But don't worry, Allen swears that there was no conflict of interest. He didn't think the options were worth mentioning.

Posted By Peter

Quote of the Day

And finally, I am tired of the neoconservative obsession with the 1930s. Of course it was a dramatic decade. But foreign policy hawks have been drawing mistaken “lessons” from the 1930s for the last 60 years. These days any foreign policy that is deemed not be macho enough is automatically labelled as “appeasement”. So, by extension, any foreign leader who finds himself in the crosshairs of American foreign policy is liable to be labelled a fascist. This kind of over-simplification seems to me obviously dangerous, leading to such foreign policy triumphs as the invasion of Iraq.
The FT's Gideon Rachman, venting against the appeasement canard.

Posted by Kingston

Saturday, October 07, 2006

Bold Decisions?

From the International Herald Tribune:

Returning from a trip to the region, Senator John Warner of Virginia said the military had done what it could, and if after three months the Iraqis had made no progress to calm ethnic violence and hasten reconstruction, then Congress would have to make some "bold decisions." Warner did not say what he thought Congress should do. "There is progress being made in certain areas," he said, but "you just find that so many communities don't even have drinking water. It seems to me that the situation is simply drifting sideways."

We are long overdue for some bold decisions. Warner can talk about it all he wants, but it's time Congress fulfilled its constitutional duty of checking the Boy George's errant military adventures.

More Bush(in)formation

The spin machine was on full throttle yesterday as Bush tried to sell his mediocre economy to an unknowing public. Here's the Bushformation:
We got more good news. The national unemployment rate is down to 4.6 percent. We added 6.6 million new jobs since August of 2003. The wages are going up, energy prices are falling, which means people are going to have more money in their pocket to save, invest, or spend. And the fundamental question is, how do we make sure we sustain the economic growth? And one way to do so is to make the tax cuts we passed permanent. One sure way to hurt this economy is to take money out of the pockets of consumers, or small business owners, and send it to Washington, D.C.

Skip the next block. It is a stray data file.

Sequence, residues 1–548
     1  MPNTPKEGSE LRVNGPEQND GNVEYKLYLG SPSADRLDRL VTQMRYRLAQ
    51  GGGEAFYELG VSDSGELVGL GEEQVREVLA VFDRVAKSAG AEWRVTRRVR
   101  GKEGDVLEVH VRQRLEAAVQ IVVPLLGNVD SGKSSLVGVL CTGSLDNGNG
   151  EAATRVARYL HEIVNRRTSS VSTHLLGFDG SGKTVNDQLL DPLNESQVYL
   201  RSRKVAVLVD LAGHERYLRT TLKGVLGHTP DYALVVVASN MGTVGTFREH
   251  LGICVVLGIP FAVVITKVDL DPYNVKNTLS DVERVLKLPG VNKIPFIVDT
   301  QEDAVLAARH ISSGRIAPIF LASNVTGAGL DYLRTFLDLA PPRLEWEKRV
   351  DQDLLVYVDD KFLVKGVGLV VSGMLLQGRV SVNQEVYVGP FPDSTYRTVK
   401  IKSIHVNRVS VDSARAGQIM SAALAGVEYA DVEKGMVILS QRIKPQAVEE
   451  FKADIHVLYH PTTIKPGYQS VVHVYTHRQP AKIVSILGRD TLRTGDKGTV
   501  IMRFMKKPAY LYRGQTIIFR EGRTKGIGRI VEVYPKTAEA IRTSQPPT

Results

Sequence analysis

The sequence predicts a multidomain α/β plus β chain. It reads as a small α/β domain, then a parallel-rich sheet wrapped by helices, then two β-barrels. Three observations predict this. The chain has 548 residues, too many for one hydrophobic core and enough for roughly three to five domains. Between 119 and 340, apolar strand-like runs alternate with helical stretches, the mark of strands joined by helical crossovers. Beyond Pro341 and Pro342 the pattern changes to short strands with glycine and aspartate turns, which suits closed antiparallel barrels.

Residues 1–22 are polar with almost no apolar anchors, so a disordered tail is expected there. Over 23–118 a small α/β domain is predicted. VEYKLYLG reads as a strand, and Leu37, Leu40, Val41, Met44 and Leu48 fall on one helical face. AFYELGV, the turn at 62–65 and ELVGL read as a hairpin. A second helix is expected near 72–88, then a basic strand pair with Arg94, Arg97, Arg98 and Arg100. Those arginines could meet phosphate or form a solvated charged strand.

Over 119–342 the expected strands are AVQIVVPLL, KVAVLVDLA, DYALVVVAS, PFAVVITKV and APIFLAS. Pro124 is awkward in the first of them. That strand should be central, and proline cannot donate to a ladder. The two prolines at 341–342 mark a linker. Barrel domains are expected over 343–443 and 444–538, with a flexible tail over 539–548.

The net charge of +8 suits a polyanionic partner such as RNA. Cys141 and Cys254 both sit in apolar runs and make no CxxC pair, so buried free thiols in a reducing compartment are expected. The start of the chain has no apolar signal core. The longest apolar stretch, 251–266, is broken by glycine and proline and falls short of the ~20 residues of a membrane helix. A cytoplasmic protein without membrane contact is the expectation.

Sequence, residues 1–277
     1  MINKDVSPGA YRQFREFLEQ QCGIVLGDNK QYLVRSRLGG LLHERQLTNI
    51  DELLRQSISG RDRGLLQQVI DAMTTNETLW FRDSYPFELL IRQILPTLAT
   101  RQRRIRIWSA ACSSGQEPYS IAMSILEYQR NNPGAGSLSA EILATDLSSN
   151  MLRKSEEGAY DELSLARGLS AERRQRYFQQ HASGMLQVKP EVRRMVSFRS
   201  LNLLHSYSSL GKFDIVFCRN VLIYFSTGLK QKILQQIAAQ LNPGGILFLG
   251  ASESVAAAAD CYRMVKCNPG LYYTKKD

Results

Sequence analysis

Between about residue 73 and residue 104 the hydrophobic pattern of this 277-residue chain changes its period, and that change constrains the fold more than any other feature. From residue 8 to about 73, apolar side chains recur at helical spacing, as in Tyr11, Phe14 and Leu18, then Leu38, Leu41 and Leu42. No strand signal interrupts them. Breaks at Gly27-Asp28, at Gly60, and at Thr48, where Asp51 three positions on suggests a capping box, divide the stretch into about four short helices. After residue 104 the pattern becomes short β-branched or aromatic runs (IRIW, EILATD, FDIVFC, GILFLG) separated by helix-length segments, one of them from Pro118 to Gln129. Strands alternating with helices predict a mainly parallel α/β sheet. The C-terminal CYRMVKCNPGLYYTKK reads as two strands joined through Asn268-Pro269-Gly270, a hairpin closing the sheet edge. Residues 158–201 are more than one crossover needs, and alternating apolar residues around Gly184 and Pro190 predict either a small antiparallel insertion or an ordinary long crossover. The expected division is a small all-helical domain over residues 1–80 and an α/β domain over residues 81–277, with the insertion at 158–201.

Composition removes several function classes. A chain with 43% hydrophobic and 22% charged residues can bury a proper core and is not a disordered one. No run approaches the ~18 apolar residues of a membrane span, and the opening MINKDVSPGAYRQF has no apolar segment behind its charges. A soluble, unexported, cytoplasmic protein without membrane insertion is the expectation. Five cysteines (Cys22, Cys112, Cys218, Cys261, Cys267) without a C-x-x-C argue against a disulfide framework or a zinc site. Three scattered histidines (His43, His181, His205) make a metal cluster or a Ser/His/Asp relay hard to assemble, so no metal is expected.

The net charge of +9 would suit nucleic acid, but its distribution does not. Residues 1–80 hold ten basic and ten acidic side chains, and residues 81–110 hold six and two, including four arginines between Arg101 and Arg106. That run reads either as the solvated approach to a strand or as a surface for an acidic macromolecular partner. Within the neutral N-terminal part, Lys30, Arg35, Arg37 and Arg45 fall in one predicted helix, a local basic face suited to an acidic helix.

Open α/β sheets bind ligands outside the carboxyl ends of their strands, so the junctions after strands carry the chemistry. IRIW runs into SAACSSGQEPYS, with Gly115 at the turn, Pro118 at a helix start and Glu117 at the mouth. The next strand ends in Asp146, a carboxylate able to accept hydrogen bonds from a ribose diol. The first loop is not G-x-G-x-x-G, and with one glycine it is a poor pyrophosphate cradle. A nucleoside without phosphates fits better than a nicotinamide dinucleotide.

That sounds nice. Here's the problem, nonfarm payrolls only went up by 51,000. 51,000 new jobs and the unemployment rate drops from 4.7 to 4.6! What's going on?

The Bureau of Labor Statistics gives us more useful information from the household survey: employment to population rose inched up from 63.09% to 63.14%, while the labor force participation rate inched down from 66.20% to 66.17% (Hat Tip: AngryBear)

And Bush keeps spinning this Tax Cut BS, even after Lazear admitted they don't pay for themselves last week! Incredible.

Friday, October 06, 2006

Progress, According to the Bush Administration

Wearing a helmet and a flak jacket and flanked by machine-gun-toting bodyguards to defend against insurgents, Secretary of State Condoleezza Rice came here Thursday, insisting that there were new signs of progress in Iraq and that the Bush administration had never sugarcoated its news about the American occupation...

Yet signs of progress were not much in evidence in the first hours of her visit.

It began inauspiciously when the military transport plane that brought her to Baghdad was forced to circle the city for about 40 minutes because of what a State Department spokesman later said was either mortar fire or rockets at the airport.

On Thursday evening, during her meeting with President Jalal Talabani, the lights went out, forcing Ms. Rice to continue the discussion in the dark. It was a reminder of the city’s erratic — and sometimes nonexistent — electrical service.

She arrived in the midst of an especially bloody few days for American troops. At least 21 American soldiers have been killed in Iraq since Saturday, most in Baghdad. Two car bombings in the city on Thursday left at least four Iraqi civilians dead.

The extraordinary security precautions for Ms. Rice’s trip here — her first to Iraq in six months, her fifth as secretary of state — were evidence of continuing turmoil in Iraq three years after the American ouster of Saddam Hussein.

Traveling from Israel on Thursday morning, Ms. Rice had to abandon her comfortable official jet at an American air base in Turkey and to board a C-17A cargo plane equipped with antimissile technology for the final, 90-minute leg into Baghdad; that procedure has become routine for all high-ranking Bush administration officials visiting Iraq.

From the airport in Baghdad, Ms. Rice flew by military helicopter to the heavily fortified American-controlled Green Zone, bypassing the dangerous, explosives-strewn airport highway into the city. [emphasis mine]
No big deal though. For as President Bush recently reminded us, all of this will look like just a comma one day.

Posted by Kingston

Thursday, October 05, 2006

US Drives Health Care Innovation

From Tyler Cowen at the NYT:
In the last 10 years, for instance, 12 Nobel Prizes in medicine have gone to American-born scientists working in the United States, 3 have gone to foreign-born scientists working in the United States, and just 7 have gone to researchers outside the country.

Here's to the home team.

Hat Tip: Mankiw

Posted by Peter

Quote of the Day